This is our “final product post” as required by the #jiscexpo project guidelines. Image links somehow got broken, they are fixed now, please re-view.
Chalice – Past Places
Chalice is for anyone working with historic material – be that archives of records, objects, or ideas. Everything happens somewhere. We aimed to provide a historic place-name gazetteer covering a thousand years of history, linked to attestations in old texts and maps.
Place-name scholarship is fascinating; looking at names, a scholar can describe the lay of the land, see political developments. We would like to pursue further funding to work with the English Place-Name Survey on an expert-crowdsourced service consuming the other 80+ volumes and extracting the detailed information – etymology, field-names.
Linked to other archival sources, the place-name record has the potential to reveal connections between them, and in turn feed into deeper coverage in the place-name survey.
There is a Past Places browser to help illustrate the data and provide a Linked Data view of the data.
Stuart Dunn did a series of interviews and case studies with different archival sources, making suggestions for integration. The report on our use case for the Clergy of the Church of England Database may be foundÂ here; and that on our study of the Victoria County History isÂ here. We also have valuable discussions with the Archaeology Data Service, which were reported in a previous post.
Rather than a classical ‘user needs’ approach, targeting groups such as historians, linguists and indeed place-name scholars, it was decided to look in detail at other digitalÂ resources containing reference material. This allowed us to start considering various ways in which a digitized, linkable EPNS could be automatically related to such resources. The problems are not only the ones we anticipated, of usability and semantic crossover between the placename variants listed in EPNS and elsewhere; but also ones of dataÂ structure, domainÂ terminologyÂ and the relationship of secondary references acorss such corpora. We hope theseÂ considerationsÂ will help inform future development of placename digitization.
This covers the work of the four partners in the project.
CeRch at KCL developed use cases through interviews with maintainers of different historic sources. There are blog descriptions of conversations with:
LTG did some visualisations for these use cases, and more seriously text mining the semi-structured text of different sample volumes of the English Place Name Survey.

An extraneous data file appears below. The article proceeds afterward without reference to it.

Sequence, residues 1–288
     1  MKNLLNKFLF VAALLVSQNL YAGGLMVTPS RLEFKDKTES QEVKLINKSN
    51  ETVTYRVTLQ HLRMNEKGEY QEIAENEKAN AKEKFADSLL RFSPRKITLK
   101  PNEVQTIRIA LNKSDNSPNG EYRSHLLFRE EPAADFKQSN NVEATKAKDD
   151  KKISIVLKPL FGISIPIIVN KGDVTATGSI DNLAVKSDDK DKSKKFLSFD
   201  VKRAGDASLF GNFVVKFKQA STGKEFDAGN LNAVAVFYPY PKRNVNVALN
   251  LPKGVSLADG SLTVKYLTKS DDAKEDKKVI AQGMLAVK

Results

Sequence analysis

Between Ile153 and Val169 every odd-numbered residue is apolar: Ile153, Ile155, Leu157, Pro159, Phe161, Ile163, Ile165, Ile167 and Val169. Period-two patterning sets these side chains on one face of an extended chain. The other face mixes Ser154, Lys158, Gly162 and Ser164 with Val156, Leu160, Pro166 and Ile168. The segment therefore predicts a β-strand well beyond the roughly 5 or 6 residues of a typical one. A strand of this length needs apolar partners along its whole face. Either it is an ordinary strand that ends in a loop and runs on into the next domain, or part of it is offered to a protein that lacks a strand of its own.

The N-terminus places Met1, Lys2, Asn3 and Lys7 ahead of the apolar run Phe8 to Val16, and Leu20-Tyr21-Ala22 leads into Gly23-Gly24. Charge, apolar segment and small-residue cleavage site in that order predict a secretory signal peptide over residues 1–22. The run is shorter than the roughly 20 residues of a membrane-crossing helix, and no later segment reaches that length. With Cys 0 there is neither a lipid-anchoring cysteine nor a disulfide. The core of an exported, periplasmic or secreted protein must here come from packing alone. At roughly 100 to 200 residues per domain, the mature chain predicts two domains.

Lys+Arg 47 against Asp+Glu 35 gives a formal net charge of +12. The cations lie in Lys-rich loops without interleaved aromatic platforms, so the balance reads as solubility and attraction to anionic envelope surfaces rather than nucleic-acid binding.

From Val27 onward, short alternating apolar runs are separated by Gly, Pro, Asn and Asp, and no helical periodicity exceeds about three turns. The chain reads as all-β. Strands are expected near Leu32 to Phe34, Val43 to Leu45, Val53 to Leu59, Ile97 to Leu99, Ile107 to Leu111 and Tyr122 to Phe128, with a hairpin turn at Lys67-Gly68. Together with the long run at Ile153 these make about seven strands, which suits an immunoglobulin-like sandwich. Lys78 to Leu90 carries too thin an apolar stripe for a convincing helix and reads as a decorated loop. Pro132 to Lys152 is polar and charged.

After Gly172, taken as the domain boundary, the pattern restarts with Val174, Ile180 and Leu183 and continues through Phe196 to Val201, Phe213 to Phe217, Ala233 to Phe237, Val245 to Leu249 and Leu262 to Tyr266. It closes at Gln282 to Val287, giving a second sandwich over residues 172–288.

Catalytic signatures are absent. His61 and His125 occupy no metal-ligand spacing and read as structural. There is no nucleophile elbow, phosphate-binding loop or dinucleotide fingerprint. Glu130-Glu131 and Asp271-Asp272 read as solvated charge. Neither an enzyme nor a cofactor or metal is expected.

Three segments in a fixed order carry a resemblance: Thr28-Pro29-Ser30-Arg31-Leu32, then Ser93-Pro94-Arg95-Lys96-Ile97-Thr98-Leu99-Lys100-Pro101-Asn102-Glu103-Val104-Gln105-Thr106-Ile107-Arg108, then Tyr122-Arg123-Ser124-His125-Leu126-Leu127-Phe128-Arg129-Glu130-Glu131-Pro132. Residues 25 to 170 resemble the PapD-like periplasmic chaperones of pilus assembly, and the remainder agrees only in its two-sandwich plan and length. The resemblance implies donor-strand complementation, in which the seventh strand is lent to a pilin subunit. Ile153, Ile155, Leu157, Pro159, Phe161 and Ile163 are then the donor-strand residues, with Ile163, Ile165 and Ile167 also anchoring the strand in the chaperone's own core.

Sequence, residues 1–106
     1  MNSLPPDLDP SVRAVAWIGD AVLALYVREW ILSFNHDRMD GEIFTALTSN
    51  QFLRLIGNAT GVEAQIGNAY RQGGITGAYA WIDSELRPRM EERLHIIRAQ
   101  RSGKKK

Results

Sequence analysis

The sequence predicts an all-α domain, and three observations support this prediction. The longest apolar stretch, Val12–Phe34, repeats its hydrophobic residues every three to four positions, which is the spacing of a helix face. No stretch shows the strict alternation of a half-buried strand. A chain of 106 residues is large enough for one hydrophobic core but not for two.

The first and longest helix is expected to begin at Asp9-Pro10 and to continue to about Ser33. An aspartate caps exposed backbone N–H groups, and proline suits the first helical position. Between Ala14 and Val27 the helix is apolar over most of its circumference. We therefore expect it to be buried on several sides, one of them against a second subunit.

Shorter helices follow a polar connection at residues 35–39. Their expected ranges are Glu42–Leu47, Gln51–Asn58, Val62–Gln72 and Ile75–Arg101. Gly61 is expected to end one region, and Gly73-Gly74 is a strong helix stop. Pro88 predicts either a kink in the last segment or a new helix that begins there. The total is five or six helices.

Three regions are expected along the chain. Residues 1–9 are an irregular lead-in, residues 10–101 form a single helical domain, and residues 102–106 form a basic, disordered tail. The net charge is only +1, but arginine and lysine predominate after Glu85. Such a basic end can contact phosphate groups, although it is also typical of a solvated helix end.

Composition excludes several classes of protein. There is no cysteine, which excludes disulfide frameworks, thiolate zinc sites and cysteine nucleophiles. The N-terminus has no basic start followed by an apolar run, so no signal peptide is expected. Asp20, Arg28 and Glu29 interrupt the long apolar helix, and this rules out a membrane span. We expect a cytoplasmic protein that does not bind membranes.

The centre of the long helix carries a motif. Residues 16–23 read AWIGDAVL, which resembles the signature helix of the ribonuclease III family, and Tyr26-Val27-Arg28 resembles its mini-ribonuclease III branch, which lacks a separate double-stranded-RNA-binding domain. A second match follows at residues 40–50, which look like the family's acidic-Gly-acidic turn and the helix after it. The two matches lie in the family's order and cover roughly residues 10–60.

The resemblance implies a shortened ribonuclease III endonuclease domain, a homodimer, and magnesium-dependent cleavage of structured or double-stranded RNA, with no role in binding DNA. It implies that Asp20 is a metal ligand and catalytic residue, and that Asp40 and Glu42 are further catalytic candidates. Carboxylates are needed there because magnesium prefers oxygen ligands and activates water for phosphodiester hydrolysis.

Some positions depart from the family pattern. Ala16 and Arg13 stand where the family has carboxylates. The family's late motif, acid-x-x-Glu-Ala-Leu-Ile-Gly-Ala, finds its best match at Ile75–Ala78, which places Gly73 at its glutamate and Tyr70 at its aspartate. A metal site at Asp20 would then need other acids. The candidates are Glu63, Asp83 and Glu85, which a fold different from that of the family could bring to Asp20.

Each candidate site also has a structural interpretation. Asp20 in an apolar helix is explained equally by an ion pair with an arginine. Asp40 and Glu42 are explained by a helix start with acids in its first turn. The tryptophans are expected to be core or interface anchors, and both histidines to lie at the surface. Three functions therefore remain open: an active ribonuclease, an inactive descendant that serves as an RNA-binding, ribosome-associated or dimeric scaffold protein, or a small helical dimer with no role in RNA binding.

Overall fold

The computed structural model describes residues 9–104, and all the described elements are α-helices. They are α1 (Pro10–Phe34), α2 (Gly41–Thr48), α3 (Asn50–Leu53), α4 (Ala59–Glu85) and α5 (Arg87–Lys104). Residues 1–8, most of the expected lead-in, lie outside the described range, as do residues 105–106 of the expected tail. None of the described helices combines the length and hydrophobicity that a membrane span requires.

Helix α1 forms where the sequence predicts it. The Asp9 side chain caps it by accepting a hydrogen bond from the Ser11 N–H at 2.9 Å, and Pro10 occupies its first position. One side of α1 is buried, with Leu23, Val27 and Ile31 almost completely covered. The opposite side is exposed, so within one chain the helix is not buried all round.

- First results from the “georesolution” process against extracted structured data
- Later analysis of the coverage of geo-referenced places against contemporary different gazetteer sources
The extraction of corrected text from previously digitised pages was done by CDDA in Belfast. There is a blog report on the final quality of the work, however the full resulting text is not open licensed nor distributed through Chalice.
EDINA took care of project management and software development. We used the opportunity to try out a Scrum-style “sprint” way of working with a larger team.
- Reflections on the first sprint and the second sprint.
- Linked data: general overview of the concerns, on how we structure URIs, an initial sketch being put out for feedback and later a more final version (still with missing namespace elements)
TOC to project blog –here is an Atom feed of all the project blog posts and they should be categorised / describe project partners
Project tag: chaliced
Full project name: Connecting Historical Authorities with Links, Contexts and Entities
Short description: Creating and re-using a linked data historic gazetteer through text mining.
Longer description:Text mining volumes of the English Place Name Survey to produce a Linked Data historic gazetteer for areas of England, which can then be used to improve the quality of georeferencing other archives. The gazetteer is linked to other placename sources on the Linked Data web via geonames.org and Ordnance Survey Open Data. Intensive user engagement with archive projects that can benefit from the open data gazetteer and open source text mining tools.
Key deliverables: Open source tools for text mining archives; Linked open data gazetteer, searchable through JISC’s Unlock service; studies of further integration potential.
Lead Institution: University of Edinburgh
Person responsible for documentation: Jo Walsh
Project Team: EDINA: Jo Walsh (Project Manager), Joe Vernon (Software Developer), Jackie Clark (UI design), David Richmond (Infrastructure), CDDA: Paul Ell (WP1 Coordinator), Elaine Yates (Administration), David Hardy (Technician), Karleigh Kelso (Clerical), LTG: Claire Grover (Senior Researcher), Kate Byrne (Researcher), Richard Tobin (Researcher), CeRch: Stuart Dunn (WP3 Coordinator).
Project partners and roles: Centre for Data Digitisation and Analysis, Belfast – preparing digitised text, Centre for e-Research, Kings College London – user engagement and dissemination, Language Technology Group, School of Informatics, Edinburgh – text mining research and tools.
The code produced during the Chalice project is free software; it is available under the GNU Affero GPL v3 license. You can get the code from our project sourceforge repository. The text mining code is available from LTG – please contact Claire Grover for a distribution…
The Linked Data created by text mining volumes of the English Place Name Survey – mostly covering Cheshire – is available under the
Open Database License – a share-alike license for data by Open Data Commons.
The contents of this blog itself are available under a Creative Commons Attribution-ShareAlike 3.0 Unported license.
|CC-BY-SA||GNU Affero GPL v3 license. Affero GPL v3|
Link to technical instructional documentation
Project started: July 15th 2010
Project ended: April 30th 2011
Project budget: Â£68054